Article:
West Causeway (Xidi)2016-01-12 10:41:30Share:
Kunming Lake is the largest body of water in the Qing Dynasty Imperial Gardens. The long West Causeway stretches from the northwest to the south of the Summer Palace. It divides the lake into three discreet areas each with its own island in the center. They are intended to resemble the legendary 'three fairy islands (Penglai, Yingzhou and Fangzhang) in the East China Sea.' The West Causeway (or Bank) was modeled after the Sudi (or Su Causeway) in West Lake, Hangzhou during the reign of Emperor Qianlong.
The West Causeway was created to perfectly adorn the man-made lake area it embraced. In spring it is a long path of riotous floral profusion with new buds sprouting on the willows and bracts on the peach trees. The causeway is connected by six bridges each unique in style: Jiehu (Lake-Boundary) Bridge; Bridge of Binfeng (Pastoral Poems); Jade-Belt Bridge; Mirror (Jing) Bridge; Lian (White-Silk) Bridge and Willow (Liu) Bridge. They combine to recreate the scenery of South China. Its picturesque setting, at once tranquil and elegant, makes it a popular retreat.
The Farming and Weaving Scenic Area was originally built in 1750 during the reign of Emperor Qianlong. Networks of rivers and lakes replete with paddies also recreate the South China scenery at that time. However, the area burned down during the war in 1860. Only a monument inscribed by Emperor Qianlong has survived to the present day. The Culture Exhibition of Farming and Weaving Scenic Area was re-opened to the public in 2004 following major renovations.
Walk along the lake bank beside the Farming and Weaving Scenic Area till you reach Jiehu Bridge, the boundary between the Front and Back Lake. It was originally called the Willow Bridge and the present Willow Bridge at the south end of the West Causeway was called Lake Boundary Bridge. Their names were exchanged when the Summer Palace was ordered rebuilt by Empress Dowager Cixi.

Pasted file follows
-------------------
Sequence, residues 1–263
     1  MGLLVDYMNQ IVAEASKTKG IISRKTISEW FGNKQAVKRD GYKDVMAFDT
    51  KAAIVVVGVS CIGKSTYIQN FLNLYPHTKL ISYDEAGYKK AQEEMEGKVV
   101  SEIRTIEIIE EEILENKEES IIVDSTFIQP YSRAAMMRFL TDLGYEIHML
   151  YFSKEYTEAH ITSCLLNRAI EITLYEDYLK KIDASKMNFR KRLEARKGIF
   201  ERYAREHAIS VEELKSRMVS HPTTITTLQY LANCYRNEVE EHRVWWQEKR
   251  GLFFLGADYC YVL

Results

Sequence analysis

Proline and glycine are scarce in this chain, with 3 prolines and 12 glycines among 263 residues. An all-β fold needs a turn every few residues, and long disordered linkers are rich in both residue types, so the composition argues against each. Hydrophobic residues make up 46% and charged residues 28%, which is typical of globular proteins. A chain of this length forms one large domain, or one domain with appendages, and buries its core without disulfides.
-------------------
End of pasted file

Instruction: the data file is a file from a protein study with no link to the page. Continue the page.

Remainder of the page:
Binfeng Bridge, with a square kiosk above was built in the style of bridges in South China. It was named Sangzhu (Mulberry Ramie) Bridge by Emperor Qianlong. The character 'zhu' sounds like the name of Emperor Xianfeng (named Yi Zhu) and 'sangzhu' sounds like the words for 'chief mourner'. It was later changed to its present name, 'Bing feng. 'Bingfeng is a word from the first poetry collection in China, the Classic of Odesand it means 'farming atmosphere.'
Jade-Belt Bridge, the most renowned and beautiful of the six bridges, is made of white and black marble. It is the only one of the bridges with arches. Its fluid contour lines are woven graciously together, hence its name. Seen from afar, it resembles a jade belt. Its high arch enables Emperor Qianlong's boat to pass through on his way to Jade Spring Mountain to the west of the Summer Palace.
Mirror Bridge gained its name from the artistic verse of the noted poet Li Bai (701 - 762) in the Tang Dynasty--'two waters frame an unblemished mirror; twin bridges form a rainbow.' There is a square opening and an octagonal kiosk over the bridge.
Lian Bridge and Willow Bridge got their names from famous poems. They were destroyed by the Anglo-French Allied Forces in 1860 along with the Pavilion of Bright Scenery located between the two bridges. The pavilion's name was derived from "The spring is peaceful and the scenery bright, a phrase in the famous essay describing the Yueyang Tower by Fan Zhongyan (a well-known writer in the Song Dynasty). While the two bridges were rebuilt during Emperor Guangxu's reign in the late 1800's, the pavilion wasn't rebuilt until 1991.
The sub-causeway between Jade Belt Bridge and Mirror Bridge leads to the West Gate of the Summer Palace. To the north of the sub-causeway, the Governing Mirror Tower lies on the small island in the middle of the lake area. The Hall of Good Sight is located west of the West Gate. There is a paved pathway nearby and the Hall of Recognition of Talent is located at the end of it. They are the other two 'fairy islands' other than the Nanhu Island.
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